Demographics

Census Pop.
1890 13,589
1900 19,696 44.9%
1910 34,436 74.8%
1920 61,375 78.2%
1930 118,674 93.4%
1940 130,760 10.2%
1950 216,224 65.4%
1960 703,925 225.6%
1970 1,420,386 101.8%
1980 1,932,709 36.1%
1990 2,410,556 24.7%
2000 2,846,289 18.1%
Est. 2008 3,010,759 5.8%

Orange County Density Map. Darker shades indicate denser areas.

According to Census Bureau's 2006 American Community Survey the racial or ethnic makeup of the county was 64.76% White, 16.05% Asian, 0.33% Pacific Islander, 1.72% African American, 0.38% Native American, 14.32% from other races, and 2.44% from two or more races. 32.89% of the population were Hispanic of any race. 30.49% of the population was foreign born.

As of the census of 2000, there were 2,846,289 people, 935,287 households, and 667,794 families residing in the county, making Orange County the second most populous county in California. The population density was 1,392/km² (3,606/sq MI). There were 969,484 housing units at an average density of 474/km² (1,228/sq MI). The racial makeup of the county was 64.81% White, 13.59% Asian, 1.67% African American, 0.70% Native American, 0.31% Pacific Islander, 14.80% from other races, and 4.12% from two or more races. 30.76% are Hispanic or Latino of any race. 8.9% were of German, 6.9% English and 6.0% Irish ancestry according to Census 2000. 58.6% spoke English, 25.3% Spanish, 4.7% Vietnamese, 1.9% Korean, 1.5% Chinese (Cantonese or Mandarin) and 1.2% Tagalog as their first language.

In 1990, still according to the census there were 2,410,556 people residing in the county. The racial makeup of the county was 78.60% White, 10.34% Asian or Pacific Islander, 1.77% African American, 0.50% Native American, and 8.79% from other races. 23.43% were Hispanic or Latino of any race.

There were 935,287 households out of which 37.0% had children under the age of 18 living with them, 55.9% were married couples living together, 10.7% had a female householder with no husband present, and 28.6% were non-families. 21.1% of all households were made up of individuals and 7.2% had someone living alone who was 65 years of age or older. The average household size was 3.00 and the average family size was 3.48.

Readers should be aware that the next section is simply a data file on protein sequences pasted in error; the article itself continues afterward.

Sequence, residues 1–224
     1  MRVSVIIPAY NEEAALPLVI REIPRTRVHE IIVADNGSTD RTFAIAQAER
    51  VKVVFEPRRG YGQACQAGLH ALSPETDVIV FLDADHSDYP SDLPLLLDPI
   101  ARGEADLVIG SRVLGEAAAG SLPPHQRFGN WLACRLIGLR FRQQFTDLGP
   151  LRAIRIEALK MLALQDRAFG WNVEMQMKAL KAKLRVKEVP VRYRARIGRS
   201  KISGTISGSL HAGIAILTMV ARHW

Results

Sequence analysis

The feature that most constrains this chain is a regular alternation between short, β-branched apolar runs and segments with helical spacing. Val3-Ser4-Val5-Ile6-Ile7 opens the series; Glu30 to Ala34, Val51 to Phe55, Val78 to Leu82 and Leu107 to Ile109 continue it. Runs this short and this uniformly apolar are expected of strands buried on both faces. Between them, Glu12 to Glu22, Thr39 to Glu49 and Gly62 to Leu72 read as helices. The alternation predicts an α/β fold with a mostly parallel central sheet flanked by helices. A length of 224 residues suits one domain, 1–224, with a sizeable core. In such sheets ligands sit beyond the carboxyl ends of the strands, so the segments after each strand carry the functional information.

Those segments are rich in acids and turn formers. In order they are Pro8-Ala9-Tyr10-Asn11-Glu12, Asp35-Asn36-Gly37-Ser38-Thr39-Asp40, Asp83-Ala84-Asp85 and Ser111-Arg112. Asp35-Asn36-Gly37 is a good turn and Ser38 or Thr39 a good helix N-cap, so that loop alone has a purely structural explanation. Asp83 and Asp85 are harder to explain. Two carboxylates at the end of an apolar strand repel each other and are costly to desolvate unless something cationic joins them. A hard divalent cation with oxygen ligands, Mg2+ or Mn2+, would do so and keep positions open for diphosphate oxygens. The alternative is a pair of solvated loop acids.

The population is diverse age-wise, with 27.0% under the age of 18, 9.4% from 18 to 24, 33.2% from 25 to 44, 20.6% from 45 to 64, and 9.9% 65 years of age or older. The median age is 33 years. For every 100 females there were 99.0 males. For every 100 females age 18 and over, there were 96.7 males.

The median income for a household in the county was $61,899, and the median income for a family was $75,700 (these figures had risen to $71,601 and $81,260 respectively as of a 2007 estimate). Males had a median income of $45,059 versus $34,026 for females. The per capita income for the county was $25,826. About 7.0% of families and 10.3% of the population were below the poverty line, including 13.2% of those under age 18 and 6.2% of those age 65 or over.

In 2010 Orange County was voted number 83 on The Daily Caller's list of America's top 100 conservative-friendly counties.

Average household income by community

Unincorporated communities are included if their population is greater than 15,000. These numbers are estimates from the 2005 Census updates for these locales. Numbers are approximate until a new Census occurs.

  1. Villa Park: $203,091
  2. Anaheim Hills: $157,938
  3. Coto de Caza: $153,118
  4. Laguna Beach: $141,916
  5. Yorba Linda: $138,910
  6. Newport Beach: $137,226
  7. North Tustin: $122,685
  8. Laguna Niguel: $112,241
  9. Irvine: $111,455
  10. Laguna Hills: $103,419
  11. Ladera Ranch: $99,537
  12. Dana Point: $97,615
  13. San Clemente: $94,576
  14. Rossmoor: $93,972
  15. Rancho Santa Margarita: $92,671
  16. Mission Viejo: $84,934
  17. Aliso Viejo: $83,002
  18. San Juan Capistrano: $78,638
  19. West Garden Grove: $78,112
  20. La Palma: $77,177
  1. Cypress: $76,312
  2. Huntington Beach: $75,900
  3. Fountain Valley: $73,504
  4. Lake Forest: $73,293
  5. Los Alamitos: $71,112
  6. Brea: $70,009
  7. Costa Mesa: $69,918
  8. Seal Beach: $66,131
  9. Placentia: $66,083
  10. Orange: $62,760
  11. Fullerton: $61,462
  12. Anaheim: $60,881
  13. Tustin: $60,319
  14. Buena Park: $57,695
  15. Westminster: $57,172
  16. Garden Grove: $50,038